To facilitate the enforcement of actions by third country resolution authorities on relevant clearing members, contracts or other assets or liabilities located in the EU, relevant member state resolution authorities will be in charge of recognising and giving effect to them, or refusing to do so in specific circumstances. Recognition will occur provided the third country resolution measures do not have an adverse effect on the financial stability of the member state, creditors of the CCP receive the same treatment as other creditors regardless of location, and there would be no material fiscal implications for the member state.


Once adopted the draft Regulation will take effect once the Commission’s proposal amending the BRRD (put forward on 23 November) takes effect. This proposed amendment to the BRRD extends the scope of application on penalties to CCPs. Such extension ensures that sanctioning powers regarding recovery and resolution of financial institutions are consistent.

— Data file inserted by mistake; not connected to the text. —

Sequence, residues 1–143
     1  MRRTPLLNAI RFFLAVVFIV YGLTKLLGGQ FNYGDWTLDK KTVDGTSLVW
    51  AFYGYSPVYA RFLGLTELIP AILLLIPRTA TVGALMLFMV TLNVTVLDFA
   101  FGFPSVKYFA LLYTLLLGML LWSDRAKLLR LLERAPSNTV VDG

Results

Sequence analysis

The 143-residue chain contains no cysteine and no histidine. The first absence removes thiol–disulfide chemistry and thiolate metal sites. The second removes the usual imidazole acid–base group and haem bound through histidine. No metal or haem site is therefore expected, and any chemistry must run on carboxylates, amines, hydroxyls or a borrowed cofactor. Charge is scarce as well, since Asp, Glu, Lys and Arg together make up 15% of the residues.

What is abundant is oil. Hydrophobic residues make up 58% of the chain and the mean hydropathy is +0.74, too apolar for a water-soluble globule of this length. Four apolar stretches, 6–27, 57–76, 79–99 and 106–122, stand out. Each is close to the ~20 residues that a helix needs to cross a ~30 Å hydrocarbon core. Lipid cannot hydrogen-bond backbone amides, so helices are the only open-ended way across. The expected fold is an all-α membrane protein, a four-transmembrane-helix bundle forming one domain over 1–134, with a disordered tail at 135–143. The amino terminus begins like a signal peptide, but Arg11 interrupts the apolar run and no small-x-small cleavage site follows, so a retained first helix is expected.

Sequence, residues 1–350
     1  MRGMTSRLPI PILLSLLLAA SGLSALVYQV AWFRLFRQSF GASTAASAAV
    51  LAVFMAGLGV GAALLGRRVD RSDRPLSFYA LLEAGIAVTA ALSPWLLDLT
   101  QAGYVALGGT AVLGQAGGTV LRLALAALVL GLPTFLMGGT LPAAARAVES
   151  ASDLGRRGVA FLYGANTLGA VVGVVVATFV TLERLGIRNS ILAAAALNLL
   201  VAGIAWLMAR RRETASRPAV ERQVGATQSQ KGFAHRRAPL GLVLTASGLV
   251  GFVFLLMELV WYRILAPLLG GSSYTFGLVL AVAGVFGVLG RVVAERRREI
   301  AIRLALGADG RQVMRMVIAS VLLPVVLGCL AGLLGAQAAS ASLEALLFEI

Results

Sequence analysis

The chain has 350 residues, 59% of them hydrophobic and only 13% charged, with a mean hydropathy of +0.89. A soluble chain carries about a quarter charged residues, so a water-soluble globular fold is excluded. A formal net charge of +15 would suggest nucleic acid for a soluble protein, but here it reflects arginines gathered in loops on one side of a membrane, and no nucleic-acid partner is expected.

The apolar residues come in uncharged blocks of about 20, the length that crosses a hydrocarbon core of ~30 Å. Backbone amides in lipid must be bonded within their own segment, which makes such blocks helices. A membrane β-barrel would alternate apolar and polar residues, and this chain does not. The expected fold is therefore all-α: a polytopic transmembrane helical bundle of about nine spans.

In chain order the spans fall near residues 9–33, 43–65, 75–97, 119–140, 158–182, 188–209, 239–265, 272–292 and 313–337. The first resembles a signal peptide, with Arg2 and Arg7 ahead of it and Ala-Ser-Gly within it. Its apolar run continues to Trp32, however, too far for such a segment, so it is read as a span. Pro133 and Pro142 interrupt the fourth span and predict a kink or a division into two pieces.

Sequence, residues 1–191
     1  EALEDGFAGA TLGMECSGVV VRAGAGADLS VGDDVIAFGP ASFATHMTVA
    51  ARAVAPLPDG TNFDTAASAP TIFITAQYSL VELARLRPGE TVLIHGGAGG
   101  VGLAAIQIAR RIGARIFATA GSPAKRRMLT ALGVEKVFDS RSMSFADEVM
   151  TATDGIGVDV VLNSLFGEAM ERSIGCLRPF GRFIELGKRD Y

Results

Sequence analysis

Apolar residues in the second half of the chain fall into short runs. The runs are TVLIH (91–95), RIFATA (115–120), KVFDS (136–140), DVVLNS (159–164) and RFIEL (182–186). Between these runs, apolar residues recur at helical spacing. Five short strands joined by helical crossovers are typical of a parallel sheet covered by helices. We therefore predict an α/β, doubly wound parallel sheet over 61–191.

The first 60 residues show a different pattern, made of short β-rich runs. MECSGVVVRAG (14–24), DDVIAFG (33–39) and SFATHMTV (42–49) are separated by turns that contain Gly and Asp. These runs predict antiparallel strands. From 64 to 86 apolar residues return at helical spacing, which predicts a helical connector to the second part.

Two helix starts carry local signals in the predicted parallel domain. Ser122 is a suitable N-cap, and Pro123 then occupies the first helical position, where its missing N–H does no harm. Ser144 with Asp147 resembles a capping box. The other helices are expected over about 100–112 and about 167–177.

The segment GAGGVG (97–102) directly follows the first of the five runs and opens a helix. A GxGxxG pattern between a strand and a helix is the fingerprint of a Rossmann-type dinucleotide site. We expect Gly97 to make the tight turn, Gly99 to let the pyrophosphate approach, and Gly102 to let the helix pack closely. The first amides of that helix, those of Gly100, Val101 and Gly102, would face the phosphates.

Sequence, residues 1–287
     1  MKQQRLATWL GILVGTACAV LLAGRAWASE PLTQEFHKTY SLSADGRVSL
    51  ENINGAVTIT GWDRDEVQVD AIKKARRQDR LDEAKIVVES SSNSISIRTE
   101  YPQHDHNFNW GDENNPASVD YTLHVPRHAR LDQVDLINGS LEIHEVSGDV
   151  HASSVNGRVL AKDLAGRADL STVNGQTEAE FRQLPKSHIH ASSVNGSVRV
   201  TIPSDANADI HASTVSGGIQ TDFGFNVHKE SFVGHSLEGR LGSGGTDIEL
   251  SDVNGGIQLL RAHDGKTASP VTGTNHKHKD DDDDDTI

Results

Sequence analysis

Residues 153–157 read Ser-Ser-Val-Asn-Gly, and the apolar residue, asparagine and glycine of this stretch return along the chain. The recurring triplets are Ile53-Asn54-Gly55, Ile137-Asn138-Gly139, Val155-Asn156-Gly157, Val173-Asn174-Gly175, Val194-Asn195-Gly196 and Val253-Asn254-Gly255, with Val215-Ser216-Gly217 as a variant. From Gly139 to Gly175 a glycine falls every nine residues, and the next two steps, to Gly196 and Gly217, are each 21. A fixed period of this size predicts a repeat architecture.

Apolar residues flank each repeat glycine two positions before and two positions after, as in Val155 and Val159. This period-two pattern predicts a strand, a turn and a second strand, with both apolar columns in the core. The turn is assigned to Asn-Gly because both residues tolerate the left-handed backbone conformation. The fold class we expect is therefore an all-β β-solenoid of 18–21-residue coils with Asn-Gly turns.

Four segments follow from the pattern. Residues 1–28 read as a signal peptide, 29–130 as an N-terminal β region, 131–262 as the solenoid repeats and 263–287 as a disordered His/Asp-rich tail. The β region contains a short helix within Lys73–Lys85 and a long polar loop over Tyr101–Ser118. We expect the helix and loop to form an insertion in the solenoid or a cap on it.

Next steps

The draft Regulation will be submitted to the European Parliament and the Council of the EU for their approval and adoption.

View Proposal for a Regulation on the framework for the recovery and resolution of central counterparties and amending Regulations (EU) No 1095/2010, (EU) No. 648/2012 and (EU) 2015/2365, 28 November 2016

View Annex to the Proposal for a Regulation on the framework for the recovery and resolution of central counterparties and amending Regulations (EU) No 1095/2010, (EU) No. 648/2012 and (EU) 2015/2365, 28 November 2016

View Commission Staff Working Document Executive Summary of the Impact Assessment accompanying the proposal for a Regulation on the framework for the recovery and resolution of central counterparties and amending Regulations (EU) No 1095/2010, (EU) No. 648/2012 and (EU) 2015/2365, 28 November 2016

View Fact sheet: Central Counterparties Recovery and Resolution Proposal: FAQs, 28 November 2016

View Fact sheet: Safer financial infrastructure, 28 November 2016

View Creating a stronger financial system: new EU rules for the recovery and resolution of central counterparties, 28 November 2016